When I first moved back to Louisiana after my medical training, I lived on the Bayou Courtableau, in the middle of nowhere. There were a number of camps around, but very few people actually lived there. It was quiet and gorgeous and idyllic. When the Bayou rose, parts of my yard would flood and I could watch from my screened porch as egrets and herons hunted through the water a dozen yards away.
Being so remote, and with that sort of frequent water & mud, my yard was hardly a showpiece. But I still mowed it, and I remember how nice it looked with the trim lawn. I liked it.
But I also liked it when it was overgrown with weeds and flowering plants. It wasn’t so orderly, but it was teeming with life, insects and birds and lizards and grass snakes and others.
Eventually I moved to town. But after living in Lafayette for 30 years, my family and I have moved out to a lake, and nature surrounds us. It’s messier, wasps and fire ants and snakes and buzzards, and even coyotes. Coyotes got our cat, and my wife & kids still grieve. But we live in a place that, once again, teems with life.
When I look through a decorator or other fashion magazine, I see order: everything in place, everyone in place, no dirt, no mess, no flaws. Everyone is beautiful, and everything about them is beautiful.
It’s seductive. I imagine from time to time we all covet that sort of perfection. Some of us covet it all the time, and dedicate our lives to appearances of flawlessness. I remember overhearing a man talking about how hard he was working to ensure that his lawn was nothing but uniformly green St. Augustine grass, thick, neat edgings, and without crab or monkey grass.
Those are the yards we see in the home magazines. They look nice. Maybe too nice. To my mind, they look a bit sterile.
Which if you think about, all those homes and fashion models look a bit sterile. In the magazines they look perfect, they look (pun intended) perfectly two-dimensional. There is no dirt, there is no action, there is no life. Because that is what sterile means: no life.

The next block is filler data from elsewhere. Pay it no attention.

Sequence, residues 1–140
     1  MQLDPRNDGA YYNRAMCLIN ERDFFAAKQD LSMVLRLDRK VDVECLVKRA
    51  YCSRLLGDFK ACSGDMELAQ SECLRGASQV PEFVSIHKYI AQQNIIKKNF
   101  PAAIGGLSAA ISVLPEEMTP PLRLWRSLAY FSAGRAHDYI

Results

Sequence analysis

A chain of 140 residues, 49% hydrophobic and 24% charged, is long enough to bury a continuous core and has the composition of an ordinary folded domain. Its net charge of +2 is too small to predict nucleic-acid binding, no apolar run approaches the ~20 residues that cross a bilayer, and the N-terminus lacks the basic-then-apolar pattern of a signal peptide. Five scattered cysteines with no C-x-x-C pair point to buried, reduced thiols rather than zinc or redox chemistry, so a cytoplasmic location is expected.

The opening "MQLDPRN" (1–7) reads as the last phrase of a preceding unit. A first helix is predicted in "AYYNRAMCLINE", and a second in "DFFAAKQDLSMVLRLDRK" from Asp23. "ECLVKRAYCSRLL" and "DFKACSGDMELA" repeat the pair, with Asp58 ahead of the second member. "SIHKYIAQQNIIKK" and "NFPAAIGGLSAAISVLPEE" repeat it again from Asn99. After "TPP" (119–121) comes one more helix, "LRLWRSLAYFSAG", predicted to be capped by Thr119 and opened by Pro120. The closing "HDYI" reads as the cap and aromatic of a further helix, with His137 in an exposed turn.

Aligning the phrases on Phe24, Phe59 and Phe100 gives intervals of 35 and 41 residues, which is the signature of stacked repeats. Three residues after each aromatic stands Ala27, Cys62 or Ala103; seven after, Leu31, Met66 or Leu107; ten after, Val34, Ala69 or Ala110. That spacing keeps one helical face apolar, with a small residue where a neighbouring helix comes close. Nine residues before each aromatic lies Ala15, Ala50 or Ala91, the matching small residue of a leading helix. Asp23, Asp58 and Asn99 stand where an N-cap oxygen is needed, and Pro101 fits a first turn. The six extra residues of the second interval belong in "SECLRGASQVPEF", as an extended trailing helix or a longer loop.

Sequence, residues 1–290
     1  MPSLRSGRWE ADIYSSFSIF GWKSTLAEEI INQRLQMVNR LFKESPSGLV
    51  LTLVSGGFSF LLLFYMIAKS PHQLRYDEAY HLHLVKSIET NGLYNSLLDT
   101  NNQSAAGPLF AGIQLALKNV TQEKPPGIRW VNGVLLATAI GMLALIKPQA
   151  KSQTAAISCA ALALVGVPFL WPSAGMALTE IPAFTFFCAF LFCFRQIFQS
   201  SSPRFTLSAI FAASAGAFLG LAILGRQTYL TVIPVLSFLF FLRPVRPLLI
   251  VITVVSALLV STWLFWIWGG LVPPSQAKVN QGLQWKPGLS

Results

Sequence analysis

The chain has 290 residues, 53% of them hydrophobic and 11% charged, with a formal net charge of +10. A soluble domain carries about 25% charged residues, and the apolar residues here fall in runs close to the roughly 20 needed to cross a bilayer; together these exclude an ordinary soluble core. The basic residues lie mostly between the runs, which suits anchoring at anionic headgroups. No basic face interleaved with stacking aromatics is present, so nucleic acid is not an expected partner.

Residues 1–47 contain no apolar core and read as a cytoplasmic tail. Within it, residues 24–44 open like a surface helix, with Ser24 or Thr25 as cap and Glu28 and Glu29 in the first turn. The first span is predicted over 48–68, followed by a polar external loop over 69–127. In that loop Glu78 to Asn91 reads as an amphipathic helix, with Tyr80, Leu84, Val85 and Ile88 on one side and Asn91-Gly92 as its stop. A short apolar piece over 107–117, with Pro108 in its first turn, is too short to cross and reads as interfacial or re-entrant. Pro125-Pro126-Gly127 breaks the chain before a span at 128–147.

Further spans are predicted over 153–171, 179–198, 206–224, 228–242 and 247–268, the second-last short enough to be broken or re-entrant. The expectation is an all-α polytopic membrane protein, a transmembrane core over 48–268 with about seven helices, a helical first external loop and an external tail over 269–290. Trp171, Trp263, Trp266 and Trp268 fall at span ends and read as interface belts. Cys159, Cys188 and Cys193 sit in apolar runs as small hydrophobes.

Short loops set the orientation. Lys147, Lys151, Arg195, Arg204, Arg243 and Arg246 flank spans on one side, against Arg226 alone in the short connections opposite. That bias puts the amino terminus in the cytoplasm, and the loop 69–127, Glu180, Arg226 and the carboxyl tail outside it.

And maybe that’s what perfection means.
My wife sometimes frets about keeping the house orderly with two children. They mess it up faster than she and I (mostly she) can clean it. The yard is largely my responsibility. (My wife occasionally gets fed up with my sloth and grabs the lawn mower. It needs repairs just now. As I told the kids, “No mow.”) The kids’ toys are invariably scattered about the yard and front porch.
As I have noted before, my wife is really good at purging, her friends comment on it frequently and even envy her. She has broken me of a lot of my materialism. As a grandchild of the Depression, it’s hard to get used to just giving things to The Arc or The Salvation Army. My parents had so little growing up, and they instilled in us an aversion to waste. As a booklover/Bookscrounger, it’s doubly hard to get rid of books. It takes some practice, I have to keep telling myself that I can get any book I really need at the library or on Alibris. But her constant effort makes our lives simpler and happier and more focused, and it keeps our home more orderly.
Having said that, I frequently think that I prefer having at least some toys, and noise, disturbing the order. Paper and toys scattered around, children singing or playing, is the stuff of life. It means that my kids are happy, and enjoying life.
It’s not completely orderly. It’s not always neat. It’s hardly perfection.
But perhaps it’s ideal.
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